Salt Lake City Council releases statement regarding bodycam video of May 23 officer-involved fatal shooting

Screen shot: Salt Lake City Police body camera video of May 23 officer-involved fatal shooting.

SALT LAKE CITY, Utah, June 6, 2020 (Gephardt Daily) — The Salt Lake City Council issued a statement late Friday night regarding the bodycam footage of an officer-involved shooting that took place on May 23.

Fatally wounded was 22-year-old Bernardo Palacios-Carbajal.

Police were called at about 2 a.m. that Thursday, before the Memorial Day weekend, to Utah Village Motel, 271 W. 900 South, on a report of threats from an armed man.

Two officers on foot found the man walking away, and chased him from a parking area and along a sidewalk. Hearing the radio call, another officer approached in a patrol car, to cut off the suspect’s escape route.

The video shows police catching up with the suspect, Palacios-Carbajal, and at least one yelling repeatedly for him to drop the gun.

More than 20 shots suddenly ring out. Palacios-Carbajal can be seen falling to the ground, and police continue to yell at him to drop the gun and “show us your f***ing hands.”

In addition to the statement pertaining to the video, the council released details about items that may be discussed at the upcoming work session on Tuesday.

The Salt Lake City Council’s statement on the video follows:

We feel outraged at the death of Bernardo Palacios-Carbajal. We are angry about having someone shot and killed in our City. We weep with Bernardo’s family.

We recognize that people in our community are not interested in words. Everyone is waiting to see action. There are existing processes and systems in place and while they may be flawed, the law requires us to see them through. We want to be clear that we do not accept those systems as they are. Everything about this needs to be examined.

As the legislative branch of city government, it is not for us to determine whether the officers involved in this incident were justified under the current law. It’s our job to determine whether the current laws and systems in place need to be changed. We believe they do. The system is broken and we need to fix it.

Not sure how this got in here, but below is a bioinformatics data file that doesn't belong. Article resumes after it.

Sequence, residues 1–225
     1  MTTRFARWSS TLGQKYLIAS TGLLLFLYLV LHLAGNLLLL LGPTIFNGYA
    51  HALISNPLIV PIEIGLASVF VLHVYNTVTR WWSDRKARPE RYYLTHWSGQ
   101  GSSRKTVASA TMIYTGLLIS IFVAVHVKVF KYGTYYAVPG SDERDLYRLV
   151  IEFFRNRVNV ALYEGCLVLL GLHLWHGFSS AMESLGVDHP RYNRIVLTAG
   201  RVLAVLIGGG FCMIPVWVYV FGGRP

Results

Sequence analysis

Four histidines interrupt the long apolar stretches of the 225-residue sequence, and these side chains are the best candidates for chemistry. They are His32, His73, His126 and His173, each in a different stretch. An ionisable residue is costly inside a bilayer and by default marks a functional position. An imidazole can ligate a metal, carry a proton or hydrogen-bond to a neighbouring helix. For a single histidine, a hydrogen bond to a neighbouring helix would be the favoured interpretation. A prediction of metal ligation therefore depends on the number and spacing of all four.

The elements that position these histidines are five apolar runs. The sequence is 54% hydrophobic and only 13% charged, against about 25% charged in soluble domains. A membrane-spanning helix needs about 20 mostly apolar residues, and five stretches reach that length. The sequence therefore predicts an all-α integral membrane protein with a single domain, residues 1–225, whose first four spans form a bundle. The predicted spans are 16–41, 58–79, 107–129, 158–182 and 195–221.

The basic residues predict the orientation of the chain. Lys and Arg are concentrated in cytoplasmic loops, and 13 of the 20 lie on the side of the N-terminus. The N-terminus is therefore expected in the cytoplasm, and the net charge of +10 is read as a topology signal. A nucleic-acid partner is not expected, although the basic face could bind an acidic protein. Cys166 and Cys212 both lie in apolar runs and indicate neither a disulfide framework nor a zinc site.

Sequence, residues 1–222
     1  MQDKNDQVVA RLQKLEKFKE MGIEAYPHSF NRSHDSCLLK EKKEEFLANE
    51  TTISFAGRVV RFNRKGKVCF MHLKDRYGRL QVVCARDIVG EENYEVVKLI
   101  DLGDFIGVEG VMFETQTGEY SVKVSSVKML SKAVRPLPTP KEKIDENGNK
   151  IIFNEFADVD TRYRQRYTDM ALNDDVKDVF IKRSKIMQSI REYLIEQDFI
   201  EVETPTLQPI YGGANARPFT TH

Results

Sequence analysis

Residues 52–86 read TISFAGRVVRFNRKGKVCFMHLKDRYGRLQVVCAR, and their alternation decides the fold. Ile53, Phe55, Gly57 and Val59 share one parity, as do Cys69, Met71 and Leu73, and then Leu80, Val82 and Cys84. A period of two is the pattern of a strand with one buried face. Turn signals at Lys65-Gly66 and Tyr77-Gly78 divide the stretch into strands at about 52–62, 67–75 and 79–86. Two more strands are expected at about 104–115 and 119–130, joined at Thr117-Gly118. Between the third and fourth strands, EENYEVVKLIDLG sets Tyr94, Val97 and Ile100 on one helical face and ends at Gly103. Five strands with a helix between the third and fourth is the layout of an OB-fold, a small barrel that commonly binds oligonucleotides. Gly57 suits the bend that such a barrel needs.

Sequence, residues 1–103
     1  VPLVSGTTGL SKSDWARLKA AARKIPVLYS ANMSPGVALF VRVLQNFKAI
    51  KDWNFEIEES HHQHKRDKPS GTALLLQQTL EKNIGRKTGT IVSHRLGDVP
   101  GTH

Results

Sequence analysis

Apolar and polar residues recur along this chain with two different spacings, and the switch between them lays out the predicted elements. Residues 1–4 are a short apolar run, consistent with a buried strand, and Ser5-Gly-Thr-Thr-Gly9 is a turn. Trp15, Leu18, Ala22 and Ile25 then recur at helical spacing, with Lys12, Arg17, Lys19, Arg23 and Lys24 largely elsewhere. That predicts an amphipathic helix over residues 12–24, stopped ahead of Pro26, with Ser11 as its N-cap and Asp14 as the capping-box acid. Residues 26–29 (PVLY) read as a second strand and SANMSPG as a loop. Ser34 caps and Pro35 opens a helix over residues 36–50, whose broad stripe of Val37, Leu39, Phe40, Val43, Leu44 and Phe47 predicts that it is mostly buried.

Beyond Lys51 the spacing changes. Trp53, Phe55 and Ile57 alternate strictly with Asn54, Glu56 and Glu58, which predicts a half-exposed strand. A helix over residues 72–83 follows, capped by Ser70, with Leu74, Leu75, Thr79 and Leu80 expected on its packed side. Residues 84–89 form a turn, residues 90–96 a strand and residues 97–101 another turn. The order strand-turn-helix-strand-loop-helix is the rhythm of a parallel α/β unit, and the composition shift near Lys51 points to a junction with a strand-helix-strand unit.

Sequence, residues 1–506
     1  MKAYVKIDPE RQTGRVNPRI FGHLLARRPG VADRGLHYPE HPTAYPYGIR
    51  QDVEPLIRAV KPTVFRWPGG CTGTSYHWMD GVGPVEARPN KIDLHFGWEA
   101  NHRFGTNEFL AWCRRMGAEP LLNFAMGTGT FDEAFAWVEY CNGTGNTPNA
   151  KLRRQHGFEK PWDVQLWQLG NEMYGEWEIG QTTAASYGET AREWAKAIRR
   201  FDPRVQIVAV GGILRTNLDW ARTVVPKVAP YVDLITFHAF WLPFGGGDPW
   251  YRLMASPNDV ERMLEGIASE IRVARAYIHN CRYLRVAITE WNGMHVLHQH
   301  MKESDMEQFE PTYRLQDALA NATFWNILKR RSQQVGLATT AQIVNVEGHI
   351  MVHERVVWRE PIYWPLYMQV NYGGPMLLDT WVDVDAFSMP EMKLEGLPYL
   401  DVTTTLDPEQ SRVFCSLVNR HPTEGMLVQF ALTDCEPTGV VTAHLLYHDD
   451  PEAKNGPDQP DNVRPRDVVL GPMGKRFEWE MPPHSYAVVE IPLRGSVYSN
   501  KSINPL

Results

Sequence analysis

We believe the current system that allows these type of events to continue is unacceptable. We will not stand by and allow the current systems to fail us again and again. There are long and short term changes that we hope to consider but changes will come. The Council will work with the City Administration, the State and others to encourage changes that are outside of the Council’s scope.

It is also our job to represent the sentiments of the public on these matters. We commit to you to take a comprehensive look at all the factors that contribute to these tragic events. And we invite you to engage with us in that effort.

In our duty as Council Members, we will be having a full conversation this coming Tuesday to discuss how we as a City can do better in these situations. We will review the Police Department budget and look at accelerated, additional and necessary police training, body cameras, changes to the Police Civilian Review Board, and holding some of the budget appropriation for further discussion. Together we can make real change. It will take work and time.

Our whole nation is grieving on so many levels, and the death of Palacios-Carbajal adds another level of profound grief that will be felt here in Salt Lake City and nationwide.

We call on residents to demonstrate peacefully. Let Salt Lake City lead the country in seeking justice without resorting to violence.

Under the above statement, the council listed “More details on items that could be discussed on Tuesday at the Work Session”:

  • Examine in excruciating detail the training that is provided by the Police Officer Standards Training, and by the Salt Lake City Police Department for new officers.
  • Get community, academic and professional advice to determine what type of training is best suited for Salt Lake City, and that the Council is willing to fund.
  • Continue the City’s strong commitment to providing housing. Currently, Salt Lake City invests more in affordable housing than any other governmental entity in the State, and we will continue to do so.
  • Continue to fund social workers in the Police Department. Evaluate and expand the role of the social workers in Police.
  • Continue to fund YouthCity program.
  • No City Department or employee is authorized to solicit or accept military equipment or supplies through the Federal Government program.
  • Have a deliberate conversation with the community about the Police Department Budget, and determine appropriate adjustments.

For information about how to contact the Salt Lake City Council, click here.


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